When you make an appointment with your own doctor, do you always try to get the first one of the day to stay on schedule?
The year of KaizenHappiness is not quite over yet, Lee!
As I have mentioned previously, I have been looking for a LEAN practice on this side of the U.S. since I arrived here. My visit to the Lean Enterprise Institute confirmed that it would be a bit of a hunt in the Mid-Atlantic area; however, it is here and it is helping patients (and if readers know of other examples in DC/Maryland/Virgina, let’s have them).
This particular practice is at our sister organization, Kaiser Permanente, who, independently of Group Health, have begun a Lean-Six Sigma program. I was invited to a training session, and learned that they had completed a very successful project in one of their clinical areas, involving first appointment starting times. This is really interesting to me because in my work at Group Health, we had not yet entered clinical operations in our LEAN transformation. Since physicians ultimately control spending of 84% of every health care dollar in our nation’s medical centers and hospitals, I think this is where LEAN ultimately needs to transform. This group is there.
The location where this happened is the Woodlawn Medical Center, in Baltimore, MD. My problem is that I am not facile with a car here in DC (because you don’t really need a car here, sorry Toyota). However, there’s no replacement for the Gemba, so I asked if I could go, and they said yes. So I rented a car and went.
When I arrived, I was asked what I wanted to see. I said I would like to stand where patients arrive as the medical center began its day and watch. So we did – no chalk circles, though!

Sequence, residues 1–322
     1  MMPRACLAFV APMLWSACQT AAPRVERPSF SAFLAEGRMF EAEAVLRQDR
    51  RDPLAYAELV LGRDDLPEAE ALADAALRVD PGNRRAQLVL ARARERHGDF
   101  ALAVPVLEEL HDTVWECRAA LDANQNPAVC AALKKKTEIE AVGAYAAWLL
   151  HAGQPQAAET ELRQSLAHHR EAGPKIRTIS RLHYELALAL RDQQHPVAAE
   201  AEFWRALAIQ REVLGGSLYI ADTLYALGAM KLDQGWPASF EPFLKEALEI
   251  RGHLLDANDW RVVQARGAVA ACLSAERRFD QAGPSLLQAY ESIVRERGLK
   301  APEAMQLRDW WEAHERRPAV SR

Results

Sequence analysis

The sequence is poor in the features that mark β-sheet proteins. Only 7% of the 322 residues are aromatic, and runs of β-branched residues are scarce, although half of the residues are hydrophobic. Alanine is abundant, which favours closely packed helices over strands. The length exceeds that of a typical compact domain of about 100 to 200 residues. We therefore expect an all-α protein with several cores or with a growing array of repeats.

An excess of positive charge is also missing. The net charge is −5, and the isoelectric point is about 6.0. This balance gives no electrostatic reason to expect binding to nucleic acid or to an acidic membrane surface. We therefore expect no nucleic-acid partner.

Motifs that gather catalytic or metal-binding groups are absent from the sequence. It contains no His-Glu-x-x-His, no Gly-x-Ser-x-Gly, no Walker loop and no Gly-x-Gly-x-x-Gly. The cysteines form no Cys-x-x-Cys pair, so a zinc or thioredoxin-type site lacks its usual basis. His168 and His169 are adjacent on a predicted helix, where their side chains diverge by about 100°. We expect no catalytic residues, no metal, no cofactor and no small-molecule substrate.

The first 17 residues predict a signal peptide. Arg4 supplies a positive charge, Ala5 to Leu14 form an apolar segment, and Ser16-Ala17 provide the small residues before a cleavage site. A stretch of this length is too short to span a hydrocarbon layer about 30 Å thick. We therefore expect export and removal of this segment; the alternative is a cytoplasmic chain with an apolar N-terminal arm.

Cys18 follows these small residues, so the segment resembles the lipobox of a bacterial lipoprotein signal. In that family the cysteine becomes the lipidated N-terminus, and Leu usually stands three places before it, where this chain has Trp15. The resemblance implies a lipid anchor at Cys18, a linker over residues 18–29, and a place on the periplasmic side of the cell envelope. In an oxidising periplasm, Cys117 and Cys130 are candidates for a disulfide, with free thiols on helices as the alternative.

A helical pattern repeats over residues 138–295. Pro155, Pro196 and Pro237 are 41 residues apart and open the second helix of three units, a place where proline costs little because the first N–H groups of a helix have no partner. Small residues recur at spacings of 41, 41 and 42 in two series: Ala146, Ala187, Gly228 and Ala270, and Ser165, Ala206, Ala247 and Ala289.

The words in the title of the post came from the Medical Center Administrator, when she asked members to participate in time-motion studies to learn about starting medical appointments on time. She said the patients said yes, and when their contribution was complete for the day, she said they came back to her and said, “Wow, this is a different place.” It’s a reminder that involving your customers in your transformation only makes you look better, and a finding that I have discovered in my travels – observation by itself is a powerful intervention.
Images – click on any to see full size:
The MCA talked about what they learned when they did the studies. 91% of patients arrived at or at least 1 minute before their appointment start time, ending the erroneous belief that late start times was because of late patients. There was also a belief that patients with more complicated check-in processes (e.g. cash collection, demographic updates) took longer, ended by the data showing that each patient requires about 60 seconds. More data showed key root causes that were not going to be solved by simply adding more staff in pre-medical center prep. The impact: 8% of appointments started on time, with about 44 appointment times, or 10% of physician capacity lost to delays in meeting patients on time.
We watched the new process unfold as patients approached the desk for their first appointment. The check in desk was prepped and ready, with computers booted because of a slight shift in work hours ($0 net cost) for one clinical assistant. Check-in staff were trained with scripts in waiting room management to bring first appointments forward. A stop in a triage room was eliminated for first appointments – patients were taken directly to the exam room. This in and of itself was interesting to me – thinking about the impact of a patient with limited mobility needing to go from room to room to see their doctor. Nursing backup was readily available for clinical issues brought up – the patient-physician relationship was prioritized.
As we stood there, physicians walked in to the office before the first appointments started. It seemed that a virtuous circle was created. I did not see a queue in the check in area, as patients were brought back to rooms at the medical center start time.
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